Isaiah 22 Commentary

Jerusalem besieged (22:1-25)

In Judah, the land where the prophet had his visions of judgment on other nations, he recalls one of God’s judgments on Judah, namely, the Assyrians’ siege of Jerusalem. On that occasion the city was saved only through the faith of Hezekiah and Isaiah (2 Kings 18:13-19:37).

Ignoring the gracious intervention of God that had miraculously saved them, the people celebrate as if they had won the victory themselves. Isaiah is disgusted at the light-hearted attitude of the people, particularly when he recalls their cowardly behaviour during the siege. The city’s leading officials fled the doomed city, only to be killed or captured by the enemy (22:1-4).

The prophet describes the scene during the siege. Outside Jerusalem enemy forces spread across the countryside, while battering rams try to smash the city walls. Soldiers hired from various countries are eager to start fighting (5-8a). Inside Jerusalem soldiers rush to the army headquarters for weapons, and there is much activity to save the city’s water supply. Where the city wall is crumbling under the enemy attacks, the Jerusalemites desperately build it up, even demolishing their houses to obtain bricks for the work. But they do not turn to God for help (8b-11).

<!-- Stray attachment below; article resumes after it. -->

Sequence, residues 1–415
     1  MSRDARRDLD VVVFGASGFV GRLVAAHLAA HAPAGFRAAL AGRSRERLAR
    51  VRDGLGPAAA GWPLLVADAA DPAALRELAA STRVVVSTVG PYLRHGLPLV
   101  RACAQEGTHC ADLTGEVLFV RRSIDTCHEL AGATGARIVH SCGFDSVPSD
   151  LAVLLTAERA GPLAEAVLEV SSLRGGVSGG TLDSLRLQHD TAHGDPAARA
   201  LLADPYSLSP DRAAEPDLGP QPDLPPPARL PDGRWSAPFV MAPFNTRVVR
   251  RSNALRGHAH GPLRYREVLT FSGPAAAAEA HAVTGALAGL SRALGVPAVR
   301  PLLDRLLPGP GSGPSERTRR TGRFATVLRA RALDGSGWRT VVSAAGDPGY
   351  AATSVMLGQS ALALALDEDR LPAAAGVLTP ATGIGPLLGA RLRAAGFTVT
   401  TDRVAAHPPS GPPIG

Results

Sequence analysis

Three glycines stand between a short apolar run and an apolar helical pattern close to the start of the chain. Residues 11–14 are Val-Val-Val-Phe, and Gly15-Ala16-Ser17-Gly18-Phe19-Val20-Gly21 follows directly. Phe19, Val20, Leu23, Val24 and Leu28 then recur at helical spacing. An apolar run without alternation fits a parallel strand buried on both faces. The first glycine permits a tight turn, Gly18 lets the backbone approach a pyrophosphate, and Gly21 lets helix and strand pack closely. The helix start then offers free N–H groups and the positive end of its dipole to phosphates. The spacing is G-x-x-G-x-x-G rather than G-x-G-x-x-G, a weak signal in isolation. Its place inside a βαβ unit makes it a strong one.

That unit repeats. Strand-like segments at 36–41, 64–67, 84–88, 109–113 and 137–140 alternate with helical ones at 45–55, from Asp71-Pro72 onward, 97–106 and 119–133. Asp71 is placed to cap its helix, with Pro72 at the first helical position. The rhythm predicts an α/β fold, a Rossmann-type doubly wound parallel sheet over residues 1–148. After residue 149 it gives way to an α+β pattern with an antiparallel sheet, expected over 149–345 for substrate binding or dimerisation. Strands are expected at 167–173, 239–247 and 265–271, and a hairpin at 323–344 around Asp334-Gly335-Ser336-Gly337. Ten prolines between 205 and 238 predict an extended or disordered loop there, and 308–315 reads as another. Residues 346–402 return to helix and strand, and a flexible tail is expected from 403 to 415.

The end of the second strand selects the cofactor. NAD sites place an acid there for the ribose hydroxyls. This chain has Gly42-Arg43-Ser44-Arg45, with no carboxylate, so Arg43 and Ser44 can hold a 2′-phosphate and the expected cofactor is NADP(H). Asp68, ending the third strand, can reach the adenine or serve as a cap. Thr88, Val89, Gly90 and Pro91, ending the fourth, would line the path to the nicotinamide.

Other citizens, however, feel sure that Jerusalem will fall. They do nothing to help, but enjoy themselves as much as they can while they can. They show no repentance for the sins that have brought this disaster upon them (12-14).

Shebna, Hezekiah’s chief official, is condemned for using his position for the benefit of himself instead of for the benefit of the people. He loved the honour of a procession of chariots preceding him

 

wherever he went, but now he will be shamefully removed from office. Instead of having a magnificent funeral, he will be buried in disgrace (15-19). His position, which was the top decision-making position in the land after the king, will be taken by Eliakim (20-23). But Eliakim will be used by his relatives and friends for their own advantage, and this will eventually be the cause of his downfall (24-25). (By the time of the siege, Eliakim had already been promoted and Shebna demoted; see 2 Kings 18:18.)

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